Joan Haggerty’s The Dancehall Years is a perfect summer book, rich and sweeping, the kind of book you’d like to give a week to, on a dock perhaps, or a comfortable deck chair beside the water. It begins in 1939 on Bowen Island, which is home to a fancy hotel whose custom comes courtesy of the steamship lines, and whose grounds are meticulously maintained by Shinsuke Yoshito, the Japanese gardener. His son is Takumi, the lifeguard, who is romantically involved with Isabelle, the youngest Gallagher daughter, much to the consternation of her father. The Gallaghers have a summer rental on Bowen Island, and make use of the hotel facilities, the dancehall. All this action observed by Isabelle’s niece, Gwen, who is the novel’s heart, six years old when the novel opens, her point of view gloriously unfiltered.
Of course, everything is going to change. The summer of 1939 would be the last one before the outbreak of war in Europe, everything changing even further after the Pearl Harbour attack in 1941. Japanese-Canadians along the coast would be taken to internment camps, their properties confiscated by authorities. Not to mention the end of the steamship lines, and cultural changes that would make Bowen Island a very different place by the time the 1960s roll around, when Gwen is a young mother, having left an unhappy marriage and trying to make a life for herself and her two daughters, all the while trying to reconcile unanswered questions from her family’s history.
Like, where did the Yoshitos go? What happened to Takumi? Not to mention Isabelle, once Gwen’s gay young aunt who is now semi-estranged from the family, taking care of her husband who’d come back damaged from the war. There had been a child, we know, although Gwen doesn’t, and was she given up for adoption, or did she die, as Isabelle had been told she did, a heartache she carries with her down through the decades. There are also questions about Gwen’s parents own marriage, her mother’s unhappiness, the question of her family’s inheritance and where it came from, and what do we do with all this history, this stuff we carry down with us, this freight.
Joan Haggerty is an extraordinary writer, her prose Woolfian in its stream of consciousness, its immediacy. This is a saga sweeping four decades written in the present tense. And it’s true that when we talk about summer books, we sometimes mean that they’re a bit light in substance, but this is a different kind of summer book. It’s not difficult, and it’s got its own kind of lightness (strung together by summers as it is), but it’s not a “beach read.” Which isn’t to say it would be wonderful to read it at a beach, but still, it’s not the kind of novel that would blow away in the breeze.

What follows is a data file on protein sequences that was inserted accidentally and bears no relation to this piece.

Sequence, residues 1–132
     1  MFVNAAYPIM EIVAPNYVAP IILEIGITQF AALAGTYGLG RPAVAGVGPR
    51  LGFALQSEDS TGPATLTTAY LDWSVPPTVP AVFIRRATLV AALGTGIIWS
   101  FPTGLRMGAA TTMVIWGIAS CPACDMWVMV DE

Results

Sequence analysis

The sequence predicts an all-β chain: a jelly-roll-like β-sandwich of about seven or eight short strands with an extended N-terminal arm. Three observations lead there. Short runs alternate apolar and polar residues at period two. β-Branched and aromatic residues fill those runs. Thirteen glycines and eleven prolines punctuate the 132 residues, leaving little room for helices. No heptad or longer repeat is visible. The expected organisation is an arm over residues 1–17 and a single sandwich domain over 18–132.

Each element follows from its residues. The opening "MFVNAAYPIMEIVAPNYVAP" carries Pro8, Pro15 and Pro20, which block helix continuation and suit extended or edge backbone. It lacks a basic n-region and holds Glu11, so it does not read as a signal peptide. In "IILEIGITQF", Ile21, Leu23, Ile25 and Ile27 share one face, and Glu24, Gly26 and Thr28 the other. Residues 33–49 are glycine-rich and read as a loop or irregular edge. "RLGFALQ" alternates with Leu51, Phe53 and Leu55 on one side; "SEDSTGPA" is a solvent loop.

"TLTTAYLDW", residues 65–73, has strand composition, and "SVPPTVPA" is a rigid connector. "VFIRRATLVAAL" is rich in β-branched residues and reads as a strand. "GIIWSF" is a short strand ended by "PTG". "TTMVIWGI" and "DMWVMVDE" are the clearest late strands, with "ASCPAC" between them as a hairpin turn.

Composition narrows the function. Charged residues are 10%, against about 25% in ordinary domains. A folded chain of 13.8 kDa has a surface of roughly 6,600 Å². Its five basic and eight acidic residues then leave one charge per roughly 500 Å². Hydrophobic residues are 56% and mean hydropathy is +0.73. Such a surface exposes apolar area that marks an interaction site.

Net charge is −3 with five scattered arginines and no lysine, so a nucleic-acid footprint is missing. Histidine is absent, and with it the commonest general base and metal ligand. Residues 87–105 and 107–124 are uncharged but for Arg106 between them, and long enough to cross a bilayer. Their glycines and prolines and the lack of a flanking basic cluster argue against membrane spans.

And it’s so good. Two decades in the making. Haggerty is in her seventies, and her last book was The Invitation in 1994, which was nominated for a Governor General’s Award. The Dancehall Years is published by the small but mighty Mother Tongue Publishing, based on Salt Spring Island, BC, and I’m disappointed it’s not available in-store at large Canadian book retailers because it would make a perfect addition to a summer books display—that cover is so perfect. But fear not, determined reader, for you can track this fine novel down, via an online bookseller or direct from the publisher.
And I really do urge to you to do so, for your own sake. For perfect summer book reasons.
Prepare to be swept away.
July 19, 2016
The above colouring sheet has been staring at me from the fridge for the last month or so, as I absently read its words while washing the dishes. I actually coloured it yesterday, just to prove its point, I think. That indeed, we have all the time we need. Which has been my mantra as I’ve sailed through the summer so far, a season which is somehow both endless and fleeting. The children home from school and the days are long. But my hours to myself for my work are far fewer, and I’ve once again decided to embark on a marathon sprint toward completing a draft of a new novel. There are not enough hours to read in. And not enough weekends either, for ferry rides to the island, and road trips, and camping trips, and sunny afternoons lying under trees in the park. And isn’t parenthood and life entire a little bit like this summer paradox? Isn’t everything? Endless and fleeting, so much, and also never enough,
You have all the time you need.
Which is true. And it’s also true that you need all the time you have. And also that, admittedly, you only have the time you have, so time is precious. But it’s also everywhere. I remember Carol Shields wrote something like this somewhere: “Tempus doesn’t fugit.” Which is a difficult line to ponder considering that Shields died far too soon from cancer, but I’m not sure that fact changes anything at all.
The colouring sheet is by Teva Harrison, whose Joyful Living Colouring Book is forthcoming from House of Anansi in November. She is also the author of In Between Days, a graphic novel published this spring. I read it at the beginning of May, and have wanted to write about it here, but wasn’t sure how to. I’ve followed Harrison on Twitter for years, and in the hundreds and thousands of people I’ve encountered there, she’s always made an impression. I’ve been inspired by her sense of wonder at the universe, and by the deep love she shares with her husband, and by the richness of her everyday life. It’s the kind of thing I turn to the internet for. Which made the news that she’d been diagnosed with metastatic breast cancer all the more incongruous when I read about it one winter day in the newspaper in late 2014.